Published by St. Martin's Press on April 25th 2017
Genres: Ancient World, Fiction, General, Historical, Romance
A girl as beautiful as Simonetta Cattaneo never wants for marriage proposals in 15th Century Italy, but she jumps at the chance to marry Marco Vespucci. Marco is young, handsome and well-educated. Not to mention he is one of the powerful Medici family’s favored circle.
Even before her marriage with Marco is set, Simonetta is swept up into Lorenzo and Giuliano de’ Medici’s glittering circle of politicians, poets, artists, and philosophers. The men of Florence―most notably the rakish Giuliano de’ Medici―become enthralled with her beauty. That she is educated and an ardent reader of poetry makes her more desirable and fashionable still. But it is her acquaintance with a young painter, Sandro Botticelli, which strikes her heart most. Botticelli immediately invites Simonetta, newly proclaimed the most beautiful woman in Florence, to pose for him. As Simonetta learns to navigate her marriage, her place in Florentine society, and the politics of beauty and desire, she and Botticelli develop a passionate intimacy, one that leads to her immortalization in his masterpiece, The Birth of Venus.
The Most Beautiful Woman in Florence follows Simonetta Vespucci through her life’s triumphs, trials, and associations with the Medici family. Simonetta, a famed beauty of her time, arrives in Florence—a citadel of learning and art—with great hopes pertaining to her marriage and future. What she finds there, instead, was more than she had ever expected. Upon meeting Sandro Botticelli, an artist, she makes a simple choice which later becomes her most famous legacy.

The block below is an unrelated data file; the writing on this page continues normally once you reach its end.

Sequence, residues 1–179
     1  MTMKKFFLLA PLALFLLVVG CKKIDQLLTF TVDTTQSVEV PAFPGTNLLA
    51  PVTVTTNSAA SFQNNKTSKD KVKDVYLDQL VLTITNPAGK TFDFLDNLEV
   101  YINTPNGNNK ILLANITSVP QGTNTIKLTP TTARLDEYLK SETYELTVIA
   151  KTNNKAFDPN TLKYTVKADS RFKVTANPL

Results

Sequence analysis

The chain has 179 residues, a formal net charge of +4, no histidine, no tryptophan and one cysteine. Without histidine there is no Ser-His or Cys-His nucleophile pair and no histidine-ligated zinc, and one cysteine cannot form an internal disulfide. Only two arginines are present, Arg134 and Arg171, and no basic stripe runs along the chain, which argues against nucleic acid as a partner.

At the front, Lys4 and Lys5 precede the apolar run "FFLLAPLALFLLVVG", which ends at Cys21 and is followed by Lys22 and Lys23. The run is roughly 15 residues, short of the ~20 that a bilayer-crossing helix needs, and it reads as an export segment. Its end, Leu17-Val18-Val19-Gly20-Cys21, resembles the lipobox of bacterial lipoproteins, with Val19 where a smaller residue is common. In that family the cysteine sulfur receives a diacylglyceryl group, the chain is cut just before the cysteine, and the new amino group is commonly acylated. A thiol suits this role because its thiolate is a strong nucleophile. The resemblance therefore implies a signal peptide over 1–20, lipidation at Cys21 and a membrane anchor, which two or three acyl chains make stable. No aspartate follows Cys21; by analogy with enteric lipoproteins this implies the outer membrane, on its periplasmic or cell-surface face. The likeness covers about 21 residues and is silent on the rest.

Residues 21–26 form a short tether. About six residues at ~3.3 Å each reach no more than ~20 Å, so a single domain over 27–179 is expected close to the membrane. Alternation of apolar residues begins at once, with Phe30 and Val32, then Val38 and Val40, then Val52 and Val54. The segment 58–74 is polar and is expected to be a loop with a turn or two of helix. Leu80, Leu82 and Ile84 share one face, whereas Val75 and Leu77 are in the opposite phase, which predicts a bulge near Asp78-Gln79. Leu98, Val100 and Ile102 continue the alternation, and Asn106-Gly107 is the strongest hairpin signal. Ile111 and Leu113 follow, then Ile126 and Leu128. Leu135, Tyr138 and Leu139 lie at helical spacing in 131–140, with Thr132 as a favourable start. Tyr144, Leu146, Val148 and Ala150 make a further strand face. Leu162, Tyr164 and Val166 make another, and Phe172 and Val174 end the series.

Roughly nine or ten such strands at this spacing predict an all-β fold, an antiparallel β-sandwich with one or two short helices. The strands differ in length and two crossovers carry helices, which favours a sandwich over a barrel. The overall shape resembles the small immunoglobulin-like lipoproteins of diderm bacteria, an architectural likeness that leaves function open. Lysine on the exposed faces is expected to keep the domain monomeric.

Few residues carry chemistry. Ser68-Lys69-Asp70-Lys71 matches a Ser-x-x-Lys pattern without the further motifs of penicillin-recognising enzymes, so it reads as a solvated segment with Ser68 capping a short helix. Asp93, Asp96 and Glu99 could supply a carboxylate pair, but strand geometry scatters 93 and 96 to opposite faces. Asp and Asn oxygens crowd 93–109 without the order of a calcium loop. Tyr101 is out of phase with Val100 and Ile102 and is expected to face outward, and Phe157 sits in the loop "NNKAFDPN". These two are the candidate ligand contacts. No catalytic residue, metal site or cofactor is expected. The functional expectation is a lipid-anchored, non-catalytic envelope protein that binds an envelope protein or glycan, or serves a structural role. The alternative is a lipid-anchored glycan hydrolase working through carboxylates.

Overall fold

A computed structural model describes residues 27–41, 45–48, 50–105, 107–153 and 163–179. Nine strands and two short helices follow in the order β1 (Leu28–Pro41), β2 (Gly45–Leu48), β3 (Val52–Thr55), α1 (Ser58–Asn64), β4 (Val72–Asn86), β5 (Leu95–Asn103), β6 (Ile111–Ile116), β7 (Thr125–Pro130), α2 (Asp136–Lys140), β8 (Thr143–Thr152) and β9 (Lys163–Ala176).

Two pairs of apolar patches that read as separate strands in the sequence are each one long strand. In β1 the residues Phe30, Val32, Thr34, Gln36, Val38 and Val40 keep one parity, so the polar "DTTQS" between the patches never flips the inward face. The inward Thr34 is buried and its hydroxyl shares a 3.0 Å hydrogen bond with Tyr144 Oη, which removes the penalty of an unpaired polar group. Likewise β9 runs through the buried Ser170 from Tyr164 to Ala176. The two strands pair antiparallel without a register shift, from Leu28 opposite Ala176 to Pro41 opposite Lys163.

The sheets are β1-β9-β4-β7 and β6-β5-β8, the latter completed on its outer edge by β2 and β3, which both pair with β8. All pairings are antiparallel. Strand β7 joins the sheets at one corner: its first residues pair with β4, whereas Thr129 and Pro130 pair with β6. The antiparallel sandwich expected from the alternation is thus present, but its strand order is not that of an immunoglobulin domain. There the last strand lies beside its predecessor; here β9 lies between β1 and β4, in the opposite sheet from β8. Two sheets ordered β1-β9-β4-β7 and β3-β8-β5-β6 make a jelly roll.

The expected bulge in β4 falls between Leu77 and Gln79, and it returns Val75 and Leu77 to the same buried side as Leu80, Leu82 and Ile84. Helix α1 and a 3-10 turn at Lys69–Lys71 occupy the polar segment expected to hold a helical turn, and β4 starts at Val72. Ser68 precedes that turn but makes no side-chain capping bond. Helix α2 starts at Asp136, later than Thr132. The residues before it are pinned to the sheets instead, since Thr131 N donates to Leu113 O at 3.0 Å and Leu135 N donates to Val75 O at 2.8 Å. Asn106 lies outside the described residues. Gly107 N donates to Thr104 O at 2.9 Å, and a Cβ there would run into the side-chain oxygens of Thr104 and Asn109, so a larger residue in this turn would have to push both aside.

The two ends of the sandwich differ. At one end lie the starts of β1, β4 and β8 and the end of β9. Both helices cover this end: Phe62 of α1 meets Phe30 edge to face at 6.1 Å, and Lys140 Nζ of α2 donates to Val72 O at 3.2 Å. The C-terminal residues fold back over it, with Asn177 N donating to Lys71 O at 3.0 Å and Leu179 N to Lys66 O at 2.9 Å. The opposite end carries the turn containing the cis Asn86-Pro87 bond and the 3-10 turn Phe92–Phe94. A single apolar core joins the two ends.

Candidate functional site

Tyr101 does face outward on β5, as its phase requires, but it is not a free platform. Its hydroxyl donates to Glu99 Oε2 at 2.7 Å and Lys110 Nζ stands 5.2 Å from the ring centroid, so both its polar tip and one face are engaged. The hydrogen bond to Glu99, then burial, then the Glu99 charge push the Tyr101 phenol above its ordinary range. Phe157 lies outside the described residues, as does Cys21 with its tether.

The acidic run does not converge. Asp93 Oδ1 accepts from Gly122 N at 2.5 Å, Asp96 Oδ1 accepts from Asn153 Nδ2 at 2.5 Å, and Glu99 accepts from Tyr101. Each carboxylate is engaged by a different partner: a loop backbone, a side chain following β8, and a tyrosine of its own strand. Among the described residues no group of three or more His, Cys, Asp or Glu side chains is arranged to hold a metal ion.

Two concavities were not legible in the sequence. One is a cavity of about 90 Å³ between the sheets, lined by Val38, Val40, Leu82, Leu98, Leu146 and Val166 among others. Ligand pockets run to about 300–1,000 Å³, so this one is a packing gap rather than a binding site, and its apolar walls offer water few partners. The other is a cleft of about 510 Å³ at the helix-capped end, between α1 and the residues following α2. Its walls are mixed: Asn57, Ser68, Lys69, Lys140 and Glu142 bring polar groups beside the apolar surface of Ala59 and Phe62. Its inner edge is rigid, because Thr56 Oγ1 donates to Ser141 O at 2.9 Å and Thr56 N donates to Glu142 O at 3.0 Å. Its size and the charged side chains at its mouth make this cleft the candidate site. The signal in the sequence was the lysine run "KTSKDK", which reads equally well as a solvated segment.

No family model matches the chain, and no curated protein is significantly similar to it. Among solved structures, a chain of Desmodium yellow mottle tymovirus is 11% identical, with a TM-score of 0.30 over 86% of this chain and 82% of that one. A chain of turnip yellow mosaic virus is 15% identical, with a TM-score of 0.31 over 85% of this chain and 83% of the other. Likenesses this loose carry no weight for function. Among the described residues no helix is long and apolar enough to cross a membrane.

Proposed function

I’m fairly certain most of us have seen the painting, The Birth of Venus, but I’ve never heard of the woman who might have been the muse. Though much is not known of her life, Simonetta was a great beauty of her time and is depicted as an intelligent woman in this story. Strong, capable, and in love with a man she can’t have because she is both married and not his equal. The best parts of the story were when she wasn’t pining over Botticelli. I didn’t care for them as a couple. I’m sorry. Maybe I’m in a really unromantic mood and didn’t care about Simonetta and Sandro for that reason. I loved Simonetta and Clarice’s friendship though. I wish there were more scenes of them.
(+) Good storytelling.
(+) Interesting setting.
(+) Well-rounded characters
(-) Romance I couldn’t get behind.